The underground fare depends on the time of travel and how far you are going, while the bus has a fixed fare of around $2 per journey.
For longer journeys, the Tube is recommended as it’s the most efficient and faster way of transport. I strongly advise avoiding rush hour. That is unless you enjoy being squeezed into a carriage and getting up close and personal with strangers…
Best historical things to do and see in London
These are simply must-do activities in London as the history behind each is fantastic and usually very beautiful.
Big Ben and Houses of Parliament
Yes, you’ll feel like the ultimate tourist here, but suck it up and visit because it’s truly a beautiful sight. Big Ben is the massive 13,760kg clock tower that booms every hour as one of the most iconic images in London. Here are the oldest royal palaces in the city with a truly striking view of the river Thames beside them.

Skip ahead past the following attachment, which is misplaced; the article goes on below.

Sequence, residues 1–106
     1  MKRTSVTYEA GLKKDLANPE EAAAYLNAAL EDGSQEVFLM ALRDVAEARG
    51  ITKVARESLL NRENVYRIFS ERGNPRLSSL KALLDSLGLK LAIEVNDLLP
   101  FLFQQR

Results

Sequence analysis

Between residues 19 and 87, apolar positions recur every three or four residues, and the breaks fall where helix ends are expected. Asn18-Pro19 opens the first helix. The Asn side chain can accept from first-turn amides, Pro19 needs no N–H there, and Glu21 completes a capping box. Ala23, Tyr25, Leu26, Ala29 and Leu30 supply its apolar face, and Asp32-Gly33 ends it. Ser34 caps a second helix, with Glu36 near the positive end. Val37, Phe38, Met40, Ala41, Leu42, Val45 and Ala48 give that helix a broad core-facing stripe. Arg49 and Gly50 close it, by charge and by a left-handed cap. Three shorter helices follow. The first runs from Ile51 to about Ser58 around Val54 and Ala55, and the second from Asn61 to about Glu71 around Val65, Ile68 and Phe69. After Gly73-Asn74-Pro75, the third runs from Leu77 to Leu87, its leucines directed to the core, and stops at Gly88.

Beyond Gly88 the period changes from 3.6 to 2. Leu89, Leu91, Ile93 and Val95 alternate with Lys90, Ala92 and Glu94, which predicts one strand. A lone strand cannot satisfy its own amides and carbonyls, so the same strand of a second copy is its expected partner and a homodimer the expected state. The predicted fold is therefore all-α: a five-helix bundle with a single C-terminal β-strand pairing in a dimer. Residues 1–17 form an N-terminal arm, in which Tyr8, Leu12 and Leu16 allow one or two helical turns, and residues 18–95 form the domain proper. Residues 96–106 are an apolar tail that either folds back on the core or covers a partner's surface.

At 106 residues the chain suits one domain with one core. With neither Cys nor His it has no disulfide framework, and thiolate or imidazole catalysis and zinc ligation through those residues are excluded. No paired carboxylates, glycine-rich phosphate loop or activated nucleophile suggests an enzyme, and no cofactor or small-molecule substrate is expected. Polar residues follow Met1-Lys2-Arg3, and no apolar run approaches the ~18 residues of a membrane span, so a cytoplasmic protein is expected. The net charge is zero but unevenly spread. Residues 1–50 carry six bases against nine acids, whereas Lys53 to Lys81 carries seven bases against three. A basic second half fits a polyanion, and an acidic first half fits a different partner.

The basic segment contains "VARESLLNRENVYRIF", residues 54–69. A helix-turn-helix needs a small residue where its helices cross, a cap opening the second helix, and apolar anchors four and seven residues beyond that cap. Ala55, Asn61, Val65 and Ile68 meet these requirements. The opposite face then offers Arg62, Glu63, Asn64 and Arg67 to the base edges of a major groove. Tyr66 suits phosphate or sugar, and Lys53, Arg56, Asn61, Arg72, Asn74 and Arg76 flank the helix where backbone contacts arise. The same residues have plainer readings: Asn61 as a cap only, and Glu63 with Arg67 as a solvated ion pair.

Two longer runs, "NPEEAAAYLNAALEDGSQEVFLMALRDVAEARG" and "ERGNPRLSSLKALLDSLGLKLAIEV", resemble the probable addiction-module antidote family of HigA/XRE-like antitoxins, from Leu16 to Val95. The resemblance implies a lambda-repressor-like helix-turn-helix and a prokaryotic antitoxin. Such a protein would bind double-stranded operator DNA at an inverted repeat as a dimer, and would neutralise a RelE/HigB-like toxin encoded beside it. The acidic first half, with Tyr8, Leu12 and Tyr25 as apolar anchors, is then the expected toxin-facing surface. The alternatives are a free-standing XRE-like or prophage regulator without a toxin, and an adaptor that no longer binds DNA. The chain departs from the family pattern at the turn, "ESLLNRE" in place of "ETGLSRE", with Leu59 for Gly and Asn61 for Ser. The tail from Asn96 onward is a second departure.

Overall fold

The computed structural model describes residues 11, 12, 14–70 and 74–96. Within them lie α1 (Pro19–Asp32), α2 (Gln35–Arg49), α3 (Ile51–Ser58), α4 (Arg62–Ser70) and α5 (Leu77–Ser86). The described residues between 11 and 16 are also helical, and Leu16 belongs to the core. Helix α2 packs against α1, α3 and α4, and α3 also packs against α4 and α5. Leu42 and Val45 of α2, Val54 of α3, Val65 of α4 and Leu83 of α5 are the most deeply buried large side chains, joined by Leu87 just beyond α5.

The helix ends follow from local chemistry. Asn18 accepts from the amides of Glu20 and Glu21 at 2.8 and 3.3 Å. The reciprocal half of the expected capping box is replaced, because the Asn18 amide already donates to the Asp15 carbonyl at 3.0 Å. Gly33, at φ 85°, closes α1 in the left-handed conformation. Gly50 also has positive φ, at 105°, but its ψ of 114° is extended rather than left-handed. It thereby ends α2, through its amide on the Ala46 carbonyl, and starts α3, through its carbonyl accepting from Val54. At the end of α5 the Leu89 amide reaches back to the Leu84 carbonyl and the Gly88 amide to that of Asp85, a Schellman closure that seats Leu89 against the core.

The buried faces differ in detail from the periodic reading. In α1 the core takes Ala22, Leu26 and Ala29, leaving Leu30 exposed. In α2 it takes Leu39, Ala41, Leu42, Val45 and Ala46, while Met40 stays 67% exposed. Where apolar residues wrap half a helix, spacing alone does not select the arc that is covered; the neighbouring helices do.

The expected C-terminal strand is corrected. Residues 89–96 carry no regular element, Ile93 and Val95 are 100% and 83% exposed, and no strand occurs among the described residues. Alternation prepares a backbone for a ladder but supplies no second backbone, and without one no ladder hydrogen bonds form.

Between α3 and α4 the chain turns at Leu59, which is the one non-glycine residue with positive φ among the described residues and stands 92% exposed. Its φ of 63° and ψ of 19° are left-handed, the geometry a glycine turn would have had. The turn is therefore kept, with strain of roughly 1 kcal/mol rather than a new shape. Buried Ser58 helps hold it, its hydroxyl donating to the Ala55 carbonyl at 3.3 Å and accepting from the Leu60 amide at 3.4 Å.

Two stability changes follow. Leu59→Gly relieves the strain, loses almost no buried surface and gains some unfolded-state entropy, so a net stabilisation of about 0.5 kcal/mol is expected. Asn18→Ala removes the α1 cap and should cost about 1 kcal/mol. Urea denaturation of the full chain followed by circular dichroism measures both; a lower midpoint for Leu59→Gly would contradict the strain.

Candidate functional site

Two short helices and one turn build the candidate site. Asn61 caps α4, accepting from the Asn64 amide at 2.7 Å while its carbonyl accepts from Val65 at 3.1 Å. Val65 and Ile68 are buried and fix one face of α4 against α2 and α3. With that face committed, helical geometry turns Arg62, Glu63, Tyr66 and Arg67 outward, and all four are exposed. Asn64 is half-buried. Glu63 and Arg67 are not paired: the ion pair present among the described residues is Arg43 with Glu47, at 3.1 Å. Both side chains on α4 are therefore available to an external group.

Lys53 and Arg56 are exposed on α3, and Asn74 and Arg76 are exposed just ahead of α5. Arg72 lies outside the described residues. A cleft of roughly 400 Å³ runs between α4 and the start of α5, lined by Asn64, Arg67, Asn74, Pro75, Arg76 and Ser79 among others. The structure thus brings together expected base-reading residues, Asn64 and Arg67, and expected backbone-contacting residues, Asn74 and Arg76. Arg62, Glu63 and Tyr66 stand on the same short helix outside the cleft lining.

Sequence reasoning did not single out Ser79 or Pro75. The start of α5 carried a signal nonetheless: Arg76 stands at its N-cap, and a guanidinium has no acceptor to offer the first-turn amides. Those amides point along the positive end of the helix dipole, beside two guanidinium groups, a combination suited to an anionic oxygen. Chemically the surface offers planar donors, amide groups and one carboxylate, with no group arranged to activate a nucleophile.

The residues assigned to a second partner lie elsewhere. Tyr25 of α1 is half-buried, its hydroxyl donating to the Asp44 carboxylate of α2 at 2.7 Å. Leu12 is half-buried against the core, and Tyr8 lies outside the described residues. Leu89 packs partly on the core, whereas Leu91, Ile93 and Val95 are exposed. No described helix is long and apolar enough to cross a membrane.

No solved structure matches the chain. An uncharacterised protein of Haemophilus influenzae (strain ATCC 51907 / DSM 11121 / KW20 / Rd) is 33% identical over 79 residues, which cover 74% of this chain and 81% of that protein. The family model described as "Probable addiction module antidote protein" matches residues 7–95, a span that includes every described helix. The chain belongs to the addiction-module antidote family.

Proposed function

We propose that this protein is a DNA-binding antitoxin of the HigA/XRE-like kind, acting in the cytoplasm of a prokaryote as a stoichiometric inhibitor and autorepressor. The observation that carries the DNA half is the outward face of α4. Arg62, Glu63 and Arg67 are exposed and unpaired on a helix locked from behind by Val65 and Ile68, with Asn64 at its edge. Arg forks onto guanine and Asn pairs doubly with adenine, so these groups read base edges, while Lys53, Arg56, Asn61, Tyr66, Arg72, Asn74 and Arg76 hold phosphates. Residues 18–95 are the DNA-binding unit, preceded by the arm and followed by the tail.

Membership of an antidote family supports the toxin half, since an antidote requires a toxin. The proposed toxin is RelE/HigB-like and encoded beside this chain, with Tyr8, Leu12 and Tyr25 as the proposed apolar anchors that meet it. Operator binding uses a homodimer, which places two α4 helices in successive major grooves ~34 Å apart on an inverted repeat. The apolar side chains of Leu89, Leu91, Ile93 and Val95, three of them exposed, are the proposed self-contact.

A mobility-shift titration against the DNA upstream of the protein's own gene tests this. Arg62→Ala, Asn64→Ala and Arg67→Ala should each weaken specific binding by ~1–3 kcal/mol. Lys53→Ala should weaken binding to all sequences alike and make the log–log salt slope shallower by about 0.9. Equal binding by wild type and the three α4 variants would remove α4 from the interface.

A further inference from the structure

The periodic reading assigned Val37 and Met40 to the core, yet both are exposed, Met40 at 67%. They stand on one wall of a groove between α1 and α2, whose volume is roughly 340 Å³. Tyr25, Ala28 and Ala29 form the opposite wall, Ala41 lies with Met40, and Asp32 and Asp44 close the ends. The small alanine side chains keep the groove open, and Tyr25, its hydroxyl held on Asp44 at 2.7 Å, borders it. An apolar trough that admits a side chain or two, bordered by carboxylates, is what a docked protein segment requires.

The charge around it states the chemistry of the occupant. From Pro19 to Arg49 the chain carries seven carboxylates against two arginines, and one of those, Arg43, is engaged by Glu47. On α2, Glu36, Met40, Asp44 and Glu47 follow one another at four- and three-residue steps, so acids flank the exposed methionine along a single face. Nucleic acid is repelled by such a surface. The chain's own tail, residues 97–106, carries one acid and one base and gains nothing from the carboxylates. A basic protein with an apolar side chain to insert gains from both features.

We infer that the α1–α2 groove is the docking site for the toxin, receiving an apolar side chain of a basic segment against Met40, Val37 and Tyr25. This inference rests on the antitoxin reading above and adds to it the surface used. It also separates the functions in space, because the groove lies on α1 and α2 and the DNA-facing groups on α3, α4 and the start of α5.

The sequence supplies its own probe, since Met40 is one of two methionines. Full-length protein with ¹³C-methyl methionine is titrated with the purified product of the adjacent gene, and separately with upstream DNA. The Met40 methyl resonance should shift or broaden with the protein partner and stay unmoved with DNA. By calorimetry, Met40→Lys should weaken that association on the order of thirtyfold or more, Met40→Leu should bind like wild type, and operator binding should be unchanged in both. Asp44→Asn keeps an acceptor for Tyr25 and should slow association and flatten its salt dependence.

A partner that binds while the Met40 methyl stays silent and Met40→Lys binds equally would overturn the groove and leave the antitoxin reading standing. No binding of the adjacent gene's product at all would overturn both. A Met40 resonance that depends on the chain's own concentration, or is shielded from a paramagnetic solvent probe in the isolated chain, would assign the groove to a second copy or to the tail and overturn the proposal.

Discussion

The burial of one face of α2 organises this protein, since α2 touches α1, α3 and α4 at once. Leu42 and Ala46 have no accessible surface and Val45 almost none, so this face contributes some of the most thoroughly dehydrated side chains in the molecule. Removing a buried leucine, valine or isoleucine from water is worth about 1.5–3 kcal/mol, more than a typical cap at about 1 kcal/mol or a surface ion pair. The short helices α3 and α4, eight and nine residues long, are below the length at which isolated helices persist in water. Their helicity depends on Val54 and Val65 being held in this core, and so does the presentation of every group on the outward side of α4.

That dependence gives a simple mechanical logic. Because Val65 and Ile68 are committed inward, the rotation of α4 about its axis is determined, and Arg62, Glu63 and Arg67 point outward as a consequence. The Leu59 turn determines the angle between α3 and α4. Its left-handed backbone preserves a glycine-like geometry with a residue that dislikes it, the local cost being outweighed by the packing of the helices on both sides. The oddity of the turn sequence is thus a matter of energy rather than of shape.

Right next to the Big Ben is one of the greatest churches in the world. It’s open most days, guided tours are advised to see the 700-year-old beauty to its fullest. Since 1066, this stunning building has been the coronation church and venue of royal weddings. Arrive as early as you can, as long queues and crowds are common in peak season.
Take a short walk to the Royal Family’s home – an absolute must-do in London. The sophisticated gardens are colorful, especially in the summer, and even the gates surrounding the palace are immense and ornate.
There are over 775 rooms in the palace, 52 of which are bedrooms. You can visit the inside of the palace with a pretty expensive ticket between July and October. Alternatively, admire the grand exterior and changing of the guard ceremony at 10.45 am every day.
Tower of London and Tower Bridge